Toshiba Corp. said Thursday it decided to recommend its shareholders sell their holdings in a 2 trillion yen ($14.3 billion) tender offer by a consortium led by Japan Industrial Partners Inc., a major step toward the planned privatization of the struggling tech giant.
The conglomerate voted at a board meeting in favor of the buyout offer in March but then stopped short of recommending share sales at the offer price of 4,620 yen a share, which the company saw as low.
The offer price by the consortium that includes Tokyo-based JIP, Orix Corp., and Rohm Co. is only 1.8 percent premium to the company’s closing stock price Thursday on the Tokyo stock market of 4,540 yen.
Akihiro Watanabe, Toshiba’s board chairman, said at a press conference that the worsening business environment for its 40 percent-held chip affiliate Kioxia Holdings Corp. and a lack of any other rival offer are behind the decision.
“We continue to be faced with an uncertain macroeconomic environment,” Watanabe said. “Under such circumstances, we thought JIP is unlikely to raise their offer price.”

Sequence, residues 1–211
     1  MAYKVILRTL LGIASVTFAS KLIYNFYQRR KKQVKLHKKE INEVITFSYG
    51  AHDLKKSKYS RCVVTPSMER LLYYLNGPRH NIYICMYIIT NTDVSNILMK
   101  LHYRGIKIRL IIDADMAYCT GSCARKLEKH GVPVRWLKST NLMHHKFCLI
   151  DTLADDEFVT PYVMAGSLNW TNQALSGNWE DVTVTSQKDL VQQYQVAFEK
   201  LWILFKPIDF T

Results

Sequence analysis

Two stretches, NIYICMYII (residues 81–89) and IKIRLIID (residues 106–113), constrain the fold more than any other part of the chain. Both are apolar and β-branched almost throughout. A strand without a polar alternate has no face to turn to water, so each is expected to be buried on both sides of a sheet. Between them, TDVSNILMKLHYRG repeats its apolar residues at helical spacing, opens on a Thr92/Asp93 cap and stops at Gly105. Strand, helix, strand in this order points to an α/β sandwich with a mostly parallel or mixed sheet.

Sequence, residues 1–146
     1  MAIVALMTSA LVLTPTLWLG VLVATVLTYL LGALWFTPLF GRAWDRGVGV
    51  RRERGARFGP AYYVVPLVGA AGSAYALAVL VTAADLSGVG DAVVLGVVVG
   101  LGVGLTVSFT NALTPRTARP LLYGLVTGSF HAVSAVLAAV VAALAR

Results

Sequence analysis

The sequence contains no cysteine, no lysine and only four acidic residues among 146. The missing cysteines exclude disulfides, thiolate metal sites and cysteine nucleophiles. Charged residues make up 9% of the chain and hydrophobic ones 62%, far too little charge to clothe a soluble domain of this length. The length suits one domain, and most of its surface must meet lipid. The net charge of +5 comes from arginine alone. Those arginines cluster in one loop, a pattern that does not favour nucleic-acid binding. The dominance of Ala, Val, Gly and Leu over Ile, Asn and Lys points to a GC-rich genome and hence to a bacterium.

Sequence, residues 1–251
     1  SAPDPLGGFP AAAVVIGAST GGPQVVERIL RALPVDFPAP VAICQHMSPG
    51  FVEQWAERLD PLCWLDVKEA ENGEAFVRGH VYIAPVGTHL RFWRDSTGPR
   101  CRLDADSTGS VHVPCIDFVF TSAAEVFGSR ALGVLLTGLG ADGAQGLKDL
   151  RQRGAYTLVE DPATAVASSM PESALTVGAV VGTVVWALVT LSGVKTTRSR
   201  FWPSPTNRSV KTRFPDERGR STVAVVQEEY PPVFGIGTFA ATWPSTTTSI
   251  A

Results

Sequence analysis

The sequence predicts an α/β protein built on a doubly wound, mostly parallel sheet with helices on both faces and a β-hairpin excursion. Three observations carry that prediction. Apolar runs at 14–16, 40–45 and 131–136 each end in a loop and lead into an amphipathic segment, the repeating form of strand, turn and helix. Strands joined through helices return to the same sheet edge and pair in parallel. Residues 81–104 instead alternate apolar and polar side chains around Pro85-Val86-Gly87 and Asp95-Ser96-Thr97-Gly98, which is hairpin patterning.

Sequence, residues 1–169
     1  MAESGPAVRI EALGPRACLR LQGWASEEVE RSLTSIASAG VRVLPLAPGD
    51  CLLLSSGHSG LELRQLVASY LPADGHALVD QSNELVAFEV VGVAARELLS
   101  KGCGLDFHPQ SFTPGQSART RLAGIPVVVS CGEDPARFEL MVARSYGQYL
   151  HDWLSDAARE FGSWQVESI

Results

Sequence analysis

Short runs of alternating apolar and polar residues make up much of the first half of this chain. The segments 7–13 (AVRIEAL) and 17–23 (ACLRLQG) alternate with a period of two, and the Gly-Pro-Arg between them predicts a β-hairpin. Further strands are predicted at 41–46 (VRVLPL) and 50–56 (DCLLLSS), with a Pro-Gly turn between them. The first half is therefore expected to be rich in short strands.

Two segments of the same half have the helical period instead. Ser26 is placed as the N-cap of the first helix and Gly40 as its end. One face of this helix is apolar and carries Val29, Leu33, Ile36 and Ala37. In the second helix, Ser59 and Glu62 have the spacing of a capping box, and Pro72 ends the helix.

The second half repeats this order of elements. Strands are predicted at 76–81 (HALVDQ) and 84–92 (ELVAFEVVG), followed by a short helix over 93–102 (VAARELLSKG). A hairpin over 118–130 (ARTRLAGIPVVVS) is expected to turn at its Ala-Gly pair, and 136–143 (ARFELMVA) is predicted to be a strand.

The company is in the midst of restructuring efforts, struggling to recover from a spate of problems over the past decade, including an accounting scandal and massive losses in its U.S. nuclear business.
The fund group plans to launch the tender offer next month, valuing Toshiba at about 2 trillion yen, in a bid to go private and turn around the scandal-stricken conglomerate.
Kioxia fell into the red in the last fiscal year that ended in March, posting a net loss of 138.1 billion yen, as chip demand for smartphones and PCs dropped.
The chipmaker and its U.S. peer Western Digital Corp. are in talks for a merger, a move that could create a new memory chip company with a global share on par with the leading rival in the industry, people familiar with the matter said last week.
“Kioxia is an importance piece” for the buyout scheme, Watanabe said. “But we think there will probably be no drastic change” in its value around the time the tender offer starts in July, he said.
Toshiba President Taro Shimada said at the press conference that full support for the buyout plan will also ensure all stakeholders, including customers and employees, benefit from the company’s restructuring.
“We have received positive response from various stakeholders” since the decision was made to back the plan in March, Shimada said. “We renewed our awareness of the importance of building a stable management base.”